By Kaitlin MillerPosted 11.17.2011 at 11:55 am 7 Comments
This month, Mongolia will launch a project creating a huge manmade ice block to combat the sweltering summer in the capital city of Ulan Bator. As the ice melts, it will cool the city and provide fresh drinking water.
The $750,000 geoengineering project, one of the world’s largest ice-making experiments, seeks to artificially make “naleds,” ice sheets that form along frozen streams and rivers. In Mongolian river beds, layers build up as new water flows onto the surface and freezes, forming ice caps that can build up to more than seven meters thick.
According to some tricky calculations from Guillaume Robuchon and Francis Nimmo at the University of California, Santa Cruz, Pluto may actually have a liquid ocean underneath its frigid, -230 °C exterior. It's mostly speculation, but the reasoning is pretty sound: if Pluto's rocky core has a certain level of potassium, "its decay could produce enough heat to melt some of the overlaying ice," says New Scientist. The assumption is that Pluto does, since the Earth has 10 times that amount despite being closer to the sun and therefore likely having much less potassium in its core than Pluto. We just hope having an ocean makes Pluto feel better about not being a planet anymore. [New Scientist]
Why does the universe look the way it does? Sarah T. Stewart thinks she knows the answer. “It all comes down to big things running into each other,” she says. Space is a collection of battered rocks, and Stewart studies their scars and shapes. A planet’s pockmarks can be used to predict its age—if it has many, it’s probably been around for a while—and its dimensions can hint at what might lie beneath the ground. “I use the way craters look,” she explains, “to learn about the planet they’re on.”
In a breakthrough so hot it's cool, Spanish researchers have figured out how to make water freeze at room temperature. By artificially manipulating the mechanisms by which water condenses in the atmosphere, the researchers found a means to trigger ice formation at far higher temperatures than water's usual freezing point, a development that could lead to better artificial snowmaking, more efficient ice skating rinks, and better freezer technology.
A thin film of water ice and organic materials coats the space rock named 24 Themis, according to a study released today. That discovery marks the first-ever direct detection of water ice on an asteroid, and adds evidence to theories about how asteroids could have brought water and organic material to a primordial Earth.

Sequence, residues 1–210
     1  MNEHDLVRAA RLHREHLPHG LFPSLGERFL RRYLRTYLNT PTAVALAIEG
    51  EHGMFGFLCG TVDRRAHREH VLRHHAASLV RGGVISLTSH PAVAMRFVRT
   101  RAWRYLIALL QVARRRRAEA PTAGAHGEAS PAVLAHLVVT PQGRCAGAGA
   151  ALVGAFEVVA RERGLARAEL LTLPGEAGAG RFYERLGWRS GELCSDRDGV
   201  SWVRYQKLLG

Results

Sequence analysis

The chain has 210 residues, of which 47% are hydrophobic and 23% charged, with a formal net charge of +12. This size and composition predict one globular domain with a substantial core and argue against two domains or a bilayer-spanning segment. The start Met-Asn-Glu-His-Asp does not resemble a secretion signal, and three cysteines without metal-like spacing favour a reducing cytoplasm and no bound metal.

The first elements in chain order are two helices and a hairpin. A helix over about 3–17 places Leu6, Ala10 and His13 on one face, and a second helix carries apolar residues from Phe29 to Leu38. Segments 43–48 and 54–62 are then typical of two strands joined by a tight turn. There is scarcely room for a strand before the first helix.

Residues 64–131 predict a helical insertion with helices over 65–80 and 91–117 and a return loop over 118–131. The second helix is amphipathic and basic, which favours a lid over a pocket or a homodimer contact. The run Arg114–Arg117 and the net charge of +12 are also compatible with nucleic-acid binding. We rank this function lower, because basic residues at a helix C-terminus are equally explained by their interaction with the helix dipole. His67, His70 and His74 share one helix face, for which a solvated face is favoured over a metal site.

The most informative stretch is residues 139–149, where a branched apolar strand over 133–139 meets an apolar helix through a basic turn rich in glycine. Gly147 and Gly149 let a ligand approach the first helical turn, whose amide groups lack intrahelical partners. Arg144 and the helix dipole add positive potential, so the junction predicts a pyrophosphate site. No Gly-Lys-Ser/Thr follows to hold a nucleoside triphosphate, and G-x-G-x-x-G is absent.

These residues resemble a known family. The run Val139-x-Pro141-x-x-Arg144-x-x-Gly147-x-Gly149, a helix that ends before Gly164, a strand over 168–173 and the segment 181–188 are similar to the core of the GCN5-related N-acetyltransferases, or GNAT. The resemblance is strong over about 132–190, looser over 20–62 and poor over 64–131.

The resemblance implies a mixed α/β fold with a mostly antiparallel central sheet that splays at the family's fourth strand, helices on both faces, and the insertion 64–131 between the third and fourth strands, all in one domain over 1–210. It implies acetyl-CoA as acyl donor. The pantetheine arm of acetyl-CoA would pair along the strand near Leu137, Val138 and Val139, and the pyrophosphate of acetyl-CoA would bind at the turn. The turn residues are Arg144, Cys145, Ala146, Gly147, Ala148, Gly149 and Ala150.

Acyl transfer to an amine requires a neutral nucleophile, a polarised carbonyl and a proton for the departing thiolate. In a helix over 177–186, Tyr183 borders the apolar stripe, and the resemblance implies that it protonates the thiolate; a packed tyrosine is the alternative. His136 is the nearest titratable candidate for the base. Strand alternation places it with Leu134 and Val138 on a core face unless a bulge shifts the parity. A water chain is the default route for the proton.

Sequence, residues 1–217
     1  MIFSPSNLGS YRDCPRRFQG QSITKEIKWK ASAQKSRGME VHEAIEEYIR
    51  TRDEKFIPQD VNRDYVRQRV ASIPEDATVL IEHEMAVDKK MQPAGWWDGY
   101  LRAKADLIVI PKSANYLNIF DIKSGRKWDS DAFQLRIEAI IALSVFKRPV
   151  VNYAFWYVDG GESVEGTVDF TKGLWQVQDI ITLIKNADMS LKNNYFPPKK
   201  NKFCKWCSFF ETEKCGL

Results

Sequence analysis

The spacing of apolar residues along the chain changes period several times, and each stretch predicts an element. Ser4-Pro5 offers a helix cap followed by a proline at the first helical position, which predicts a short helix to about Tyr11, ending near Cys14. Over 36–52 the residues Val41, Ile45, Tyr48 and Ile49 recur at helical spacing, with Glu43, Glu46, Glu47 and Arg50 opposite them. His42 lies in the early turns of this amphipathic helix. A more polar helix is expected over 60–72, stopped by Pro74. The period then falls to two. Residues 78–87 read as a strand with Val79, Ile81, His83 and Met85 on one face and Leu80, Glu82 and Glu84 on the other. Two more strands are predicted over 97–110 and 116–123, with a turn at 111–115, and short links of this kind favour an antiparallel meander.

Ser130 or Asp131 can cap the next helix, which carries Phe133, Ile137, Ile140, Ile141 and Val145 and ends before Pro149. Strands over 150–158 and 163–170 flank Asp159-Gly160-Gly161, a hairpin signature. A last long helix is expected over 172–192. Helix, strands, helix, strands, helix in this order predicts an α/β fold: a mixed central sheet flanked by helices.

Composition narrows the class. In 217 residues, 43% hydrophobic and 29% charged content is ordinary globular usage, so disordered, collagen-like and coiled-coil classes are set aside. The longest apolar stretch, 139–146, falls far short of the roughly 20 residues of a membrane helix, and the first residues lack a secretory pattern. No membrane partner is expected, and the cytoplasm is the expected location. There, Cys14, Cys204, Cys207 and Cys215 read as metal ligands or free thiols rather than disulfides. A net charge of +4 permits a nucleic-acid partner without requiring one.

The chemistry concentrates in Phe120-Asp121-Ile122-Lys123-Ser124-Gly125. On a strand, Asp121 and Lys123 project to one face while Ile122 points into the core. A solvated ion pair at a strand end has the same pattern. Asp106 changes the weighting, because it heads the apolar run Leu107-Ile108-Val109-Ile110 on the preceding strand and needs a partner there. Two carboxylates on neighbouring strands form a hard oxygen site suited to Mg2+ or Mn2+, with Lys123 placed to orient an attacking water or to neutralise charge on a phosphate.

A NASA telescope on Hawaii's Mauna Kea helped scientists gauge the spectrum of infrared sunlight reflected by 24 Themis. Their findings revealed a spectrum consistent with both frozen water and organic material on the 124-mile-wide asteroid, which sits halfway between Mars and Jupiter.
When methane and freezing cold water fuse under tremendous pressure, they create a substance as paradoxical as it coveted: burning ice. Earlier in the year, a report from the National Research Council identified the combustible water, also known as methane hydrate, as a potential source of natural gas.
This month, an iceberg roughly the size of Luxembourg slammed into an Antarctic glacier known as the Mertz Ice Tongue. Then, last week, a Rhode Island-sized section of the Mertz Ice Tongue finally snapped off. Some scientists are excited about the new research opportunities this ice reconfiguration opens up, but others worry that the newly freed ice will significantly threaten life in the ocean.
NASA's Cassini spacecraft has repeatedly taken the plunge into the icy jets of Saturn's sixth-largest moon, and all in the name of science. Now the U.S. space agency has released the latest stunning image from Cassini's November 21 flyby. Can you count the 30 jets in this image?
A massive iceberg twice the size of Manhattan is headed for Australia's southwestern coast, threatening shipping lanes in the Pacific.
The "superberg," called B17B, is roughly 1,000 miles off the coast of Australia and headed for warmer waters, where it will likely break up into many small pieces.
NASA's moon-smashing mission may not have provided a huge show for the folks on Earth, but now there's sweet vindication for scientists. The plume of lunar debris kicked up from ancient lunar crater kicked up 24 gallons of water, LCROSS mission staff reported today.